Visitors Oyster Card

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Whistler40145

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I am thinking of purchasing a Visitors Oyster Card for use during the Olympics.

How economical are they versus normal fares?

Are they worth purchasing if I travelled between Zone 5 to Zone 1?

Also, can I apply my Disabled Railcard to this version of Oyster Card?
 
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455driver

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I am thinking of purchasing a Visitors Oyster Card for use during the Olympics.

How economical are they versus normal fares?
very
Are they worth purchasing if I travelled between Zone 5 to Zone 1?
Yes
Also, can I apply my Disabled Railcard to this version of Oyster Card?
Not sure but would think so


Well worth buying, I dont visit London very often but as the balance on your card never expires it doesnt matter, if you think it is unlikely that you will use the card again just cash it in at a TFL ticket office, takes all of 3 minutes.
 

transportphoto

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transportphoto:1078853 said:
Visitor oyster cards aren't worth it IMO. Just pop in to any Tube station ticket office and ask for the normal oyster cards and pay the refundable deposit. The visitor ones carry a £3 non refundable activation fee, where as the normal ones from ticket offices do carry a deposit however this, as I say, is refundable, if you collect in all of the oyster cards after their use and surrender them at any tube ticket office.

TP

That is a post I made a few weeks ago - you'd be better off getting a normal oyster, registering it and applying your railcard. Once you have finished with it you can get you deposit back, you can't get the activation fee back on visitor cards.

TP
 

causton

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You can't instantly say which one is better as they are both the same product in essence... you have to work out your situation and what you want :)

Want a season ticket on it? Get a normal Oyster.
Certain you'll keep the card forever and save £2? Get a Visitor Oyster.
Want one posted to your house? Get a Visitor Oyster.
Want to return it and get the deposit back? Get a normal Oyster.

I would personally get a normal one from a ticket office as you'll need to go to a ticket office to apply your Railcard discount :)
 

MikeWh

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You can't instantly say which one is better as they are both the same product in essence... you have to work out your situation and what you want :)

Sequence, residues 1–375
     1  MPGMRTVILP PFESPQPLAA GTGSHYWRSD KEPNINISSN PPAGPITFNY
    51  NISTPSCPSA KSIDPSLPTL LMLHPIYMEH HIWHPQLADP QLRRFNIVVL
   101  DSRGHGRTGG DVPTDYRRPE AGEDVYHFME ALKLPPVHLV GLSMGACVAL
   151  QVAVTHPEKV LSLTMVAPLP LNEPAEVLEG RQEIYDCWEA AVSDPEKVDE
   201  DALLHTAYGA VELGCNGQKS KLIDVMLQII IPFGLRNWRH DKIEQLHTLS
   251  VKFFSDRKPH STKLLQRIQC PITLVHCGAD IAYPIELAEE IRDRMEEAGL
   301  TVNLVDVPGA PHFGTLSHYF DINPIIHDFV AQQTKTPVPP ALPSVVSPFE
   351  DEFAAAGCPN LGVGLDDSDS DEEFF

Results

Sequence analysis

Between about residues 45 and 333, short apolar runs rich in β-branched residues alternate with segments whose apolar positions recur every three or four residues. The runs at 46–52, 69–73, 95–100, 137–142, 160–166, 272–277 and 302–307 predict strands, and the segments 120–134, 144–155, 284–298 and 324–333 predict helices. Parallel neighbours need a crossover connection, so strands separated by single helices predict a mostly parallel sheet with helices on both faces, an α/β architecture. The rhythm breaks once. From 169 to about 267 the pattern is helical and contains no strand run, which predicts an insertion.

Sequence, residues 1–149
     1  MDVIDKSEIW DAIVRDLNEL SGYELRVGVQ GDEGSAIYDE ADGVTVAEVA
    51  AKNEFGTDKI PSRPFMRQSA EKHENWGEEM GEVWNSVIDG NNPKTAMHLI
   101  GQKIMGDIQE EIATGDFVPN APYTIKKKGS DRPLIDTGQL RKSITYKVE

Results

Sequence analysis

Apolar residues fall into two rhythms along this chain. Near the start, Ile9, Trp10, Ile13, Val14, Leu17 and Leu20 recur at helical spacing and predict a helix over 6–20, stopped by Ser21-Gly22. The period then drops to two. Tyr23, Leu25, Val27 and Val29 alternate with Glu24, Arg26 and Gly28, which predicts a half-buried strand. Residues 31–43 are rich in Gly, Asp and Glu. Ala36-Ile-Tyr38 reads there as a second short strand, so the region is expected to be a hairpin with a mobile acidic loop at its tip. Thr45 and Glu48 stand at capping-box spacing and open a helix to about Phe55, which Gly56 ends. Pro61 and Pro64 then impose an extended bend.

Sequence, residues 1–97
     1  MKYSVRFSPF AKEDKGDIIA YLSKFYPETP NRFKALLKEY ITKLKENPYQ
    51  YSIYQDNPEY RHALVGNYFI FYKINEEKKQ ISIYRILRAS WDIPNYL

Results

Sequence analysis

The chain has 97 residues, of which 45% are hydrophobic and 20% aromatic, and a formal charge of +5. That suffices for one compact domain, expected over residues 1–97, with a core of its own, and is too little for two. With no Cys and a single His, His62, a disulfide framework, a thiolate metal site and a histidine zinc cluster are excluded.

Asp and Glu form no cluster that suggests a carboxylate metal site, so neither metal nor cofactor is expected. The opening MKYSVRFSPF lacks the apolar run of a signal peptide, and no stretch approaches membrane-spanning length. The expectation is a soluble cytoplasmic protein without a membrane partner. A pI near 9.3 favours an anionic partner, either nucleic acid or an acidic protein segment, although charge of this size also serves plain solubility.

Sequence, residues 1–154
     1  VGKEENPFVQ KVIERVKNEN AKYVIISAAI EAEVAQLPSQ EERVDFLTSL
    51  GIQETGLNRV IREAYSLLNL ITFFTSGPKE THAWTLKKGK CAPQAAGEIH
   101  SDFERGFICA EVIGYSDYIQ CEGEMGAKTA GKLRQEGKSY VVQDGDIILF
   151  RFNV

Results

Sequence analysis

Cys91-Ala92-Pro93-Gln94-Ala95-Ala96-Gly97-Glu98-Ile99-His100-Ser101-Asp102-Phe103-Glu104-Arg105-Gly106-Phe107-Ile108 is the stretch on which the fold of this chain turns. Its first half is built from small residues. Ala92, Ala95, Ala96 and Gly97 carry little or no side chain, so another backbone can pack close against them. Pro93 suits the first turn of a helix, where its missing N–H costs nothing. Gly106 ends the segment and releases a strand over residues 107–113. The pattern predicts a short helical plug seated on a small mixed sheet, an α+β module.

Want a season ticket on it? Get a normal Oyster.
Certain you'll keep the card forever and save £2? Get a Visitor Oyster.
Want one posted to your house? Get a Normal Oyster.
Want to return it and get the deposit back? Get a normal Oyster.

I would personally get a normal one from a ticket office as you'll need to go to a ticket office to apply your Railcard discount :)

You can order a normal Oyster card online and have it pre-loaded with credit and optionally set to auto top-up as well. They won't send it overseas, but if you're in the UK there really is no point buying the visitor version.
 

Mutant Lemming

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If you have a ticket for any of the events (in London that is) you will receive a zone 1-9 travelcard for the day of the event you have tickets. To be valid it has to be presented with the event ticket and unlike your standard travelcard it will be valid on South Eastern High Speed between St.Pancras and Stratford. The special olympic games travelcard will also be valid to the nearest NR stations to four of the outlying venues -
Sevenoaks (for Brands Hatch)
Slough (for Eton Dorney)
Leigh-on-Sea (for Hadleigh Farm)
Cheshunt (for Lee Valley White Water Centre)
 
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NY Yankee

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I'm very confused by the Oyster Cards (from what I understand, even native Londoners are confused). The TFL website says there are yellow and pink card readers. I don't understand the difference. And the zone 1-7 Travel Card basically allows people to travel anywhere in London on the Tube, National Rail, Overground, and DLR as many times as they want. Is that correct?
 

JGR

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I'm very confused by the Oyster Cards (from what I understand, even native Londoners are confused). The TFL website says there are yellow and pink card readers. I don't understand the difference. And the zone 1-7 Travel Card basically allows people to travel anywhere in London on the Tube, National Rail, Overground, and DLR as many times as they want. Is that correct?
The yellow readers are to enter and exit the system, and are mandatory.
You're unlikely to encounter a pink reader but if you do, just tap your card on it as you pass. It is an interchange reader and used to calculate which way you went between the entrance and exit points.

A zone 1-7 Travel Card basically allows unlimited travel in *most* of London on tubes, national rail (excluding Heathrow Express and HS1), trams, DLR, buses, etc.
It doesn't cover zones 8, 9 or Watford Junction.

It's all on TfL's website if you need details.
 

snail

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You can't instantly say which one is better as they are both the same product in essence... you have to work out your situation and what you want :)

Want a season ticket on it? Get a normal Oyster.
Certain you'll keep the card forever and save £2? Get a Visitor Oyster.
Want one posted to your house? Get a Visitor Oyster.
Want to return it and get the deposit back? Get a normal Oyster.

I would personally get a normal one from a ticket office as you'll need to go to a ticket office to apply your Railcard discount :)
Don't forget the auto-top up option if you plan to visit London again. I have a regular PAYG Oyster with auto top-up, that means I simply arrive and start using it. No messing around looking for tickets or working out Travelcard options. If there isn't enough credit on the card my first use adds another £20. Massively convenient, I just wish Manchester had something similar.
 

causton

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Don't forget the auto-top up option if you plan to visit London again. I have a regular PAYG Oyster with auto top-up, that means I simply arrive and start using it. No messing around looking for tickets or working out Travelcard options. If there isn't enough credit on the card my first use adds another £20. Massively convenient, I just wish Manchester had something similar.